2. Regular made modest
84% of British Muslim women actively look for the latest fashion trends that meet their modest needs, and the last thing British Muslim women want from high street retailers is “ethnic” clothing. So fashion retailers don’t need to compete in the “ethnic” space where they have no credibility, but should stick to their fashion domain but offer more inclusive options, especially for modest wearers. That includes workwear, holiday wear, athleisure, casual to evening wear. They’re looking for mainstream styles tailored to meet modest criteria.
“I want to wear what’s trendy and in style, but with a modest twist. It’s about fashion first.” says Farida, 27, from London.
Brands looking to play in the modest fashion space, should incorporate modest adaptations within their broader inclusive strategy amongst their creative design direction. They need to retain what they’re loved for, but incorporate a modest strategy that strikes a balance that respects the culture and stylistic needs of British Muslim women.
3. Rising demand for Gen Z
British Muslims women between 18-24 are the most demanding when it comes to modest fashion on the high street. A staggering 9 in 10 actively search for modest wear, expressing a level of frustration with fashion brands and calling out brands online for the lack of availability.
“It feels like we’re an afterthought, and yet, my friends and I are ready to spend on brands that get us.” Zahra, 19, Birmingham.
Gen Z shoppers want engagement and representation across all areas of the fashion industry – from sportswear, casual fashion, fitness clothing to occasion wear. And for grass roots engagement and affinity, brands should look to collaborate with Muslim fashion influencers and designers.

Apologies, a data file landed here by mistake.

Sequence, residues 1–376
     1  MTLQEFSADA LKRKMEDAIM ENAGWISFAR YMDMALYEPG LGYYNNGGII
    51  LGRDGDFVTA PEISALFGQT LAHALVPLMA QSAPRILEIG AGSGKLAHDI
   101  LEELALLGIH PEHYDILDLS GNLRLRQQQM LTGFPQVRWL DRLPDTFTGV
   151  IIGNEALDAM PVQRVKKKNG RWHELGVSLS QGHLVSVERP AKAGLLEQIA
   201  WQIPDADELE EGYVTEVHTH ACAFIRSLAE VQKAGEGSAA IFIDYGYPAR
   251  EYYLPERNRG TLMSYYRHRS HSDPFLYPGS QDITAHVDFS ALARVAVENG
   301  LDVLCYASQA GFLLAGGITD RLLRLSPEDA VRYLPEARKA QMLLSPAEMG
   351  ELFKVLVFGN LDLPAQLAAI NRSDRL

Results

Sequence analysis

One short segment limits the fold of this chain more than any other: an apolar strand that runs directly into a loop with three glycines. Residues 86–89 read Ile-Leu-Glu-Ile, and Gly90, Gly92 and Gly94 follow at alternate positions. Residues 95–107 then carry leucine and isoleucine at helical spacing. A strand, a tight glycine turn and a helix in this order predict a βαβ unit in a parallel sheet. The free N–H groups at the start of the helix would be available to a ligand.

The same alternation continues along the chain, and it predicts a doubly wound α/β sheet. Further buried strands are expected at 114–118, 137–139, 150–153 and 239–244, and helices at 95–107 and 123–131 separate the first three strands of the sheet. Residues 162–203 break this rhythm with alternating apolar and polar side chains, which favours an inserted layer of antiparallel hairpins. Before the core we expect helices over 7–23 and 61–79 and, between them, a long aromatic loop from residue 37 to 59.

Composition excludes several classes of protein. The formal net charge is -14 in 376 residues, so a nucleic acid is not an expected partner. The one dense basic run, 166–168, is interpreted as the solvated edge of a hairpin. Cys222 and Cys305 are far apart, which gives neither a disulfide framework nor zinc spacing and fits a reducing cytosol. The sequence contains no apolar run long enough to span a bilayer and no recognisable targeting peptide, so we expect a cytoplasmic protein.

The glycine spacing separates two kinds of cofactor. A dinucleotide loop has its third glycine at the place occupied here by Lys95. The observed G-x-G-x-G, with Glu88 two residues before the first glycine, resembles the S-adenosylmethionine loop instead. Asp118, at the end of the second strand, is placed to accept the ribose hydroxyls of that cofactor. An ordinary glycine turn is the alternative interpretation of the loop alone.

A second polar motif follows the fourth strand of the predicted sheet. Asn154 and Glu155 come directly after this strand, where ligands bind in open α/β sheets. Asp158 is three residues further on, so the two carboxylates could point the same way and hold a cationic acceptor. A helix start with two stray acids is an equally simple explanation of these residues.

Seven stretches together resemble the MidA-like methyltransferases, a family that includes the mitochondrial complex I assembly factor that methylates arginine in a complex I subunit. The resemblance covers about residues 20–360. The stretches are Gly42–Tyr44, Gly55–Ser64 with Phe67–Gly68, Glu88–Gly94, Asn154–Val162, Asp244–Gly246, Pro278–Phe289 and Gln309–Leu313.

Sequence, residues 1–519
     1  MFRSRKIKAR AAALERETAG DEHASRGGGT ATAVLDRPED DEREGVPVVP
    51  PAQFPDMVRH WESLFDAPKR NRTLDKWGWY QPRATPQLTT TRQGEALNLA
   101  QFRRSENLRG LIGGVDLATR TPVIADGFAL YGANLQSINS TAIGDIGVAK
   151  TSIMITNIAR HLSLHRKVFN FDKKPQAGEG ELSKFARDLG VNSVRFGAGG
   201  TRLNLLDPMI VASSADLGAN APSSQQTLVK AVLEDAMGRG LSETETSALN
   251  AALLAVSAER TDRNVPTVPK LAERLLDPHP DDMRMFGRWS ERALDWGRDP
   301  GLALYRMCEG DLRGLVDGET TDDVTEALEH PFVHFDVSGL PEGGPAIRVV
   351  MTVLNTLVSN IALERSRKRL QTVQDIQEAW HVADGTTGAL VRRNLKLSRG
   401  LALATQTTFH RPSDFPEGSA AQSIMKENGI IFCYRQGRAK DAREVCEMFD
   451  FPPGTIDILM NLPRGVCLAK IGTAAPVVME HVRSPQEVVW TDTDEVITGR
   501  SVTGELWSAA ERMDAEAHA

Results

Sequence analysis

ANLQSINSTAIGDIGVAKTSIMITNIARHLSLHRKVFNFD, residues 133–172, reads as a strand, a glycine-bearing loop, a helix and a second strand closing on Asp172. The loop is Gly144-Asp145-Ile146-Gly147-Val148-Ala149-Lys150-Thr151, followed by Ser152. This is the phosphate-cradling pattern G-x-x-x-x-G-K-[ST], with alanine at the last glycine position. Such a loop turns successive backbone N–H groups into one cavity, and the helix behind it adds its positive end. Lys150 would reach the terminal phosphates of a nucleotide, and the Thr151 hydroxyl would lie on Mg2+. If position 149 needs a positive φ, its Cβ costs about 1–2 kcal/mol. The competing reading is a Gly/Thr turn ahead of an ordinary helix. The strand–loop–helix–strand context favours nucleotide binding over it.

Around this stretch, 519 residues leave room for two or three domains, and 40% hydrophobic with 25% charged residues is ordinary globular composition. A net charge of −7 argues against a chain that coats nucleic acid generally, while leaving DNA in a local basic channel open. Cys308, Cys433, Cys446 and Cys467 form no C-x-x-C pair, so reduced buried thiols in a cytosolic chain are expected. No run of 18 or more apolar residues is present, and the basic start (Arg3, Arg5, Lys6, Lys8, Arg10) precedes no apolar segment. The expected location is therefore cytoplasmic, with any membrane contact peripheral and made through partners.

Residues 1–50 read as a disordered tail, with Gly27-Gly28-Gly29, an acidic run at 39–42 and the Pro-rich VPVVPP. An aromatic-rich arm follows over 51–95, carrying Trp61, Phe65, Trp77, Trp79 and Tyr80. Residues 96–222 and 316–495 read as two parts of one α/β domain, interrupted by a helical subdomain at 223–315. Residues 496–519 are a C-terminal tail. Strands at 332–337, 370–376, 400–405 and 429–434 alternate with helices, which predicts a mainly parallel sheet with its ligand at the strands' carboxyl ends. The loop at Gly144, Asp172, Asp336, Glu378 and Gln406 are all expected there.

4. In-store is core
Despite the online fashion shopping boom, 78% of British Muslim women still prefer in-store shopping, valuing the tactile experience of evaluating fabric, shape, coverage and sizes first-hand.
“Shopping online is convenient but not when I have to return half of the items because it turns out to be figure hugging or transparent.” Hana, 23, Bristol.
Brands can innovate in this space by enhancing the online shopping experience for modest wear. From improved virtual try-ons using augmented reality to a broader diversity of model sizes in online imagery can bridge the gap between the convenience of online shopping and the assurance of in-store purchases.
5. Need for fitness fashion
Muslim women are four times less likely to engage in physical activities than Muslim men, and one of the main reasons is the lack of modest and suitable swimming and fitness clothing available. So, whilst 1 in 3 British Muslim women want to go swimming or to the gym, they feel like it’s not a place for them. This has led to the rise in interest for women-only fitness sessions where they can be part of a group where they belong and gain support.
“There’s a women’s only fitness studio near where I live, but it’s always over subscribed so I end up just following workout plans on YouTube.” Nour, 31, Leeds.
Fashion and fitness brands can innovate in the space of modest fitness wear, ensuring Muslim women have the gear to give them confidence to attend local fitness spaces. And fitness brands can also enhance the overall fitness experience for these women, producing pop up studios to better digital fitness programmes, helping them work out in a space that suits their needs.
This summary article introduces the first five insights of our study on British Muslims’ motivations, behaviours and attitudes towards modest fashion.
Our complete study provides a cross demographic analysis into all of our findings: from consumer mindset, motivations and decision-making, to their discovery process, obstacles and needs.
To have a chat about our complete study and what it means for your brand, feel free to get in touch at firstname.lastname@example.org.
Arif Miah, Strategy Director, mud orange.